Elverum is also known for his artwork and photography. Early in his career, he produced limited-run fanzines and song booklets which would be sold during Microphones tours. Since establishing P.W. Elverum & Sun, Ltd., he began to experiment with letterpress printing and other elaborate packaging ideas for his releases.[56] In 2007, he published a hardcover book of film photography with a 10" picture disc titled Mount Eerie pts. 6 & 7. In 2009 Elverum hosted his first art show, In Dreams, at Stumptown Coffee, Portland. The exhibition consisted of landscapes Elverum photographed in Norway, France, and rural Washington, using antique cameras and expired film.[57] In 2014 Elverum released Dust, a book of digital photography bound in stamped linen. He sells large scale photographic prints and ink paintings through his online store.[58] His album Microphones in 2020 was accompanied by a lyric video consisting of over 800 photos.[59] In 2020, Elverum stated that he was working on an art book of Castrée's unpublished work.[60]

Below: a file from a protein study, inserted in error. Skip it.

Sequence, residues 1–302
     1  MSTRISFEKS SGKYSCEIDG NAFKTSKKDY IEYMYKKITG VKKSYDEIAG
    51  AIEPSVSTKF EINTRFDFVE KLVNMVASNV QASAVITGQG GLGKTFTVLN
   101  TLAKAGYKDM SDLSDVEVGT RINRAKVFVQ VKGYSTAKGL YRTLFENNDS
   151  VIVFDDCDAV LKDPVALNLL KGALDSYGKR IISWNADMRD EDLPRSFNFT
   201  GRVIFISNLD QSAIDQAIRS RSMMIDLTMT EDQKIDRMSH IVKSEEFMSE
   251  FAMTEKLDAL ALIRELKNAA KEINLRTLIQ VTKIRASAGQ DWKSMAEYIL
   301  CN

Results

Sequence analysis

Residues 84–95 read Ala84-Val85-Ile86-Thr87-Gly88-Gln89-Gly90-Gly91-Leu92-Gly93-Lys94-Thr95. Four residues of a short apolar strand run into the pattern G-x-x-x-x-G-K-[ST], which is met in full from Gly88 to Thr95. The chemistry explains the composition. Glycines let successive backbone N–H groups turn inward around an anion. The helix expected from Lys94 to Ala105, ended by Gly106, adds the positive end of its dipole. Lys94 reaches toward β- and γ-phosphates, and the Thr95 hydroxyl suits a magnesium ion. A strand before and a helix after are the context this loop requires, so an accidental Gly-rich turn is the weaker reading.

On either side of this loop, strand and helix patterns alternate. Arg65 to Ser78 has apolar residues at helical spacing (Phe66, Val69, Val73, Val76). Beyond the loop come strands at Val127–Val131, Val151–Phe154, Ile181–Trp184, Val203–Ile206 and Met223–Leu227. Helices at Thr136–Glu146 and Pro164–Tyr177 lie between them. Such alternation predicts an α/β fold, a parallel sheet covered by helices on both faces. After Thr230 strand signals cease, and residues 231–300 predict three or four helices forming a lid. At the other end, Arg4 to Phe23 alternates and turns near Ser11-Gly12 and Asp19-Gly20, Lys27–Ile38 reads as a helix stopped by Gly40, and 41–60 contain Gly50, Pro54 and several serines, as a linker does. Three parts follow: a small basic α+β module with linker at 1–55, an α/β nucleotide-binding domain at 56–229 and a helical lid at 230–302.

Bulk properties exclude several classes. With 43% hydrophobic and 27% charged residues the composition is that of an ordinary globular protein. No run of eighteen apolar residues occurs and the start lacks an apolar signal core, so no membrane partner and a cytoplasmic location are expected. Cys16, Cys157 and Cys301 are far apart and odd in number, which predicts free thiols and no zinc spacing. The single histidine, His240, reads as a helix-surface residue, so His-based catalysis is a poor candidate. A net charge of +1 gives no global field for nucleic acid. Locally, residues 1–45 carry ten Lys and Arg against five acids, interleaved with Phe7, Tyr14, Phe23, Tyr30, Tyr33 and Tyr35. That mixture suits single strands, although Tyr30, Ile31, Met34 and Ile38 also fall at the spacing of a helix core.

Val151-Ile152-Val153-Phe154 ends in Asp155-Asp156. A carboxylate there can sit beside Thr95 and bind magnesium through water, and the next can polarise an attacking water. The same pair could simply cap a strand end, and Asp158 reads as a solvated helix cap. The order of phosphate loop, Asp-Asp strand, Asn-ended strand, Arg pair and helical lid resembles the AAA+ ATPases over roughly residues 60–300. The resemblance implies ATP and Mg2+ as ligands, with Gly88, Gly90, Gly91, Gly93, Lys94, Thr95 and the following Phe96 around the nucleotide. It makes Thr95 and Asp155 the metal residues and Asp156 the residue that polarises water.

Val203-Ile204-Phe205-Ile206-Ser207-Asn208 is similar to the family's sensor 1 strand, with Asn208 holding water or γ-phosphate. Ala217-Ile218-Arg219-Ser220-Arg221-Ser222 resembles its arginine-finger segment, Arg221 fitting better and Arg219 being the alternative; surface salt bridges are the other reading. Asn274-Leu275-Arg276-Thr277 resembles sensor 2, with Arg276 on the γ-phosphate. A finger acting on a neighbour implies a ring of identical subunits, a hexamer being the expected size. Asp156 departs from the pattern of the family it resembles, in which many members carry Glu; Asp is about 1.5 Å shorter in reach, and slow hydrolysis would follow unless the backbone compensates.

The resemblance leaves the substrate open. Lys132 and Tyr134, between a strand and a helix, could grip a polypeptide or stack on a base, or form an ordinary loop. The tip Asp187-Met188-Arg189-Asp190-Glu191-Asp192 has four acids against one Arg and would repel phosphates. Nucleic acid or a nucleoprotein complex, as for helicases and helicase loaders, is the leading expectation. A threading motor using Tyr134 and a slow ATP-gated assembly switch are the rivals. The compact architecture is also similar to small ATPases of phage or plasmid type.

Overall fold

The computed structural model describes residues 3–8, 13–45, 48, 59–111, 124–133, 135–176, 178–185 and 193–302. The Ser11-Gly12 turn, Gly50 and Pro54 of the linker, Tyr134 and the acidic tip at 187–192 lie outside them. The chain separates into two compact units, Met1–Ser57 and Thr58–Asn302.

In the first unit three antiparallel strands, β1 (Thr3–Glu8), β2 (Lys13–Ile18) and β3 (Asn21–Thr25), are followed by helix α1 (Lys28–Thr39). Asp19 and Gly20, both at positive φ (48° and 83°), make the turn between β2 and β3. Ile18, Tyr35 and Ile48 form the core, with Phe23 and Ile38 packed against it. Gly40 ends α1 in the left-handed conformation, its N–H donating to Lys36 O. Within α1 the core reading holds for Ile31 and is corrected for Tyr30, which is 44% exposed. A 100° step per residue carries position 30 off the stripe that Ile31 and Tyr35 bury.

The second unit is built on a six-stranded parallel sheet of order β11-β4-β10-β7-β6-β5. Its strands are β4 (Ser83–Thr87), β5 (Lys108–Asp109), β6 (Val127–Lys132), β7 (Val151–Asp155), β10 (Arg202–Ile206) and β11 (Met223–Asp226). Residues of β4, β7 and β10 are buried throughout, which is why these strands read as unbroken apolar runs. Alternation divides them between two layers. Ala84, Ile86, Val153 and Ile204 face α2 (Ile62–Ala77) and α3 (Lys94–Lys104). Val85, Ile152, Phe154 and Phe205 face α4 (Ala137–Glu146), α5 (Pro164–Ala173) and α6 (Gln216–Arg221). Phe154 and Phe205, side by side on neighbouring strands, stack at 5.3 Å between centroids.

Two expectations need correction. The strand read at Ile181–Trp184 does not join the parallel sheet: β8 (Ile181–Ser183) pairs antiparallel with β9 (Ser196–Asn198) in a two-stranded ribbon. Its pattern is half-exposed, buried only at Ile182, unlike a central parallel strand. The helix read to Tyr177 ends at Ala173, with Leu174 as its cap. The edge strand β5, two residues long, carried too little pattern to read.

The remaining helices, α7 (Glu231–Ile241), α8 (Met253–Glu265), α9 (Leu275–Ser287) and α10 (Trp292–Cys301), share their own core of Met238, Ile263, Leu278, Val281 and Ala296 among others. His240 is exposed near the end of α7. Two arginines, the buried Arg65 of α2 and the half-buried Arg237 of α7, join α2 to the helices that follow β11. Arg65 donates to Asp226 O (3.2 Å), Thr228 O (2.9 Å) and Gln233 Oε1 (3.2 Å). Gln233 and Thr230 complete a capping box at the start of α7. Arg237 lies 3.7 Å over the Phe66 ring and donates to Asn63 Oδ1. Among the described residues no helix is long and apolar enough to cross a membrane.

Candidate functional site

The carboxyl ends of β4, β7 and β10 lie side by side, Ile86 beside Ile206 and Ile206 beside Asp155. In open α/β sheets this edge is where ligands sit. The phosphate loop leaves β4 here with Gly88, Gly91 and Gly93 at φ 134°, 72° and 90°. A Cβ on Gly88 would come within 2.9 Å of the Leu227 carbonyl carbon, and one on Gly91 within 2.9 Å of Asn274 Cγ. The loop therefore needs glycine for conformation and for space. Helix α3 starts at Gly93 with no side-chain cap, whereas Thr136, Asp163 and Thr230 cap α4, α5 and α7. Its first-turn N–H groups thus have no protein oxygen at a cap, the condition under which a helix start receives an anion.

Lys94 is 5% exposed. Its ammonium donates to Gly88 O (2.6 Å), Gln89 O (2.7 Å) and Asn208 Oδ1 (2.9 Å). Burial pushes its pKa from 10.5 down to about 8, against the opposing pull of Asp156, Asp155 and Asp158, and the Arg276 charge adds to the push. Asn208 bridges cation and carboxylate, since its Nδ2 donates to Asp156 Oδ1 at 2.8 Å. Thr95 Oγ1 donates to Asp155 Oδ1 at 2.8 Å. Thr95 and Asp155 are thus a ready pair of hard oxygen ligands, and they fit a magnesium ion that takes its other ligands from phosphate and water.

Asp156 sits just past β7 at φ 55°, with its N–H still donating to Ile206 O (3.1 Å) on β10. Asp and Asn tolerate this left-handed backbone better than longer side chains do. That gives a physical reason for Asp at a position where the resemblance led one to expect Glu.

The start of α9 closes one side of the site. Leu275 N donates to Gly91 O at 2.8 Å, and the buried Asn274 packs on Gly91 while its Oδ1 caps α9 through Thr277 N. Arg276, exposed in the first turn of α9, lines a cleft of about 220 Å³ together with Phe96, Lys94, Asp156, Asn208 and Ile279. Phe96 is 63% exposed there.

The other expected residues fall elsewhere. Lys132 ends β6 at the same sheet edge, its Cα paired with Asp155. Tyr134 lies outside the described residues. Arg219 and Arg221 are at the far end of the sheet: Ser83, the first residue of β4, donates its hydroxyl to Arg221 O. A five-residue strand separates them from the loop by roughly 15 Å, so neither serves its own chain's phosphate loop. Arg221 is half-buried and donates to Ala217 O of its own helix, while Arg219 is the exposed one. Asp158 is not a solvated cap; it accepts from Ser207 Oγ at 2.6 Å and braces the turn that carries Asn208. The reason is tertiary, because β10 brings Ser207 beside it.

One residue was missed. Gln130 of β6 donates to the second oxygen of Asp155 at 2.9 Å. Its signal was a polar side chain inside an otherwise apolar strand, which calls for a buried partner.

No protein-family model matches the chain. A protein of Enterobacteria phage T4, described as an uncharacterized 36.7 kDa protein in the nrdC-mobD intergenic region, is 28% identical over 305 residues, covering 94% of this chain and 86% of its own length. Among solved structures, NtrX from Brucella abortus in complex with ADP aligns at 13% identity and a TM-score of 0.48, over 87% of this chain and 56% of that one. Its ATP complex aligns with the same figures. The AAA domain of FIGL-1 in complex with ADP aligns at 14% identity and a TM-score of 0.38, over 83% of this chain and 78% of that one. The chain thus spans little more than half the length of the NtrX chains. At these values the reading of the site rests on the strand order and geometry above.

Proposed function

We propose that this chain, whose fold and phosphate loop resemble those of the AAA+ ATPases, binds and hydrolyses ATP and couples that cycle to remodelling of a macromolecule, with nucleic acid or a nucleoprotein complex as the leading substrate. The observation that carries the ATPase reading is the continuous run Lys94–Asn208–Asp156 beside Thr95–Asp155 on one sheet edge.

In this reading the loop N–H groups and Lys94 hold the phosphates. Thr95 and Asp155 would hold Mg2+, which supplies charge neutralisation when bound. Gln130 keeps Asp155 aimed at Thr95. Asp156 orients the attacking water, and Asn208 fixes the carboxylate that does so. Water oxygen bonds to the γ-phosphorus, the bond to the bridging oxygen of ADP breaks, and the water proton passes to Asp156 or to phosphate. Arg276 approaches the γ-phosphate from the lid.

In 2017 after finishing his eighth studio album as Mount Eerie, Elverum created a book about Anacortes, Washington.[61] In 2005, Elverum created a 365-day comic calendar titled Fancy People Adventures, which was later syndicated by music website Tiny Mix Tapes.[62]

In 2001, while on tour, Elverum wrote a, "paper opera", play entitled The Other Foot In The Other World show as part of a magazine centering around the theme of death.[63]

Elverum has also experimented with filmmaking, producing background visuals for his shows (released as a limited edition DVD entitled Fog Movies) and promotional videos for several Mount Eerie songs.[28] Elverum has stated that he does wish to one day make movies, viewing them as the "ultimate art form" and as such the culmination of his creativity.[8]

Discography[edit]

The Microphones[edit]

Mount Eerie[edit]

D+[edit]

  • D+ (1997)
  • Dandelion Seeds (1998)
  • Mistake (2002)
  • Deception Pass (2003)
  • No Mystery (2006)
  • On Purpose (2008)
  • What Is Doubt For? (2008)
  • Destroy Before Listening (2018)

Old Time Relijun[edit]

Mostly Clouds and Trees[edit]

  • Beautiful Face (1996)

Peace[edit]

  • On Earth (2007)

Tugboat[edit]

  • The Tugboat Fiasco (1996)

X-Ray Means Woman[edit]

  • Face Shapes (1996)

DJ Microphone[edit]

  • The Fidalgo Island Beautiful Issue #5 1/2 (2007)

Phil Elverum[edit]

  • The Fidalgo Island Beautiful Issue #5 1/2 (2007)
  • Ditherer (2007)
  • (a)spera (2008)
  • Weary Engine Blues (2013)

References[edit]

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  56. ^ [1]
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External links[edit]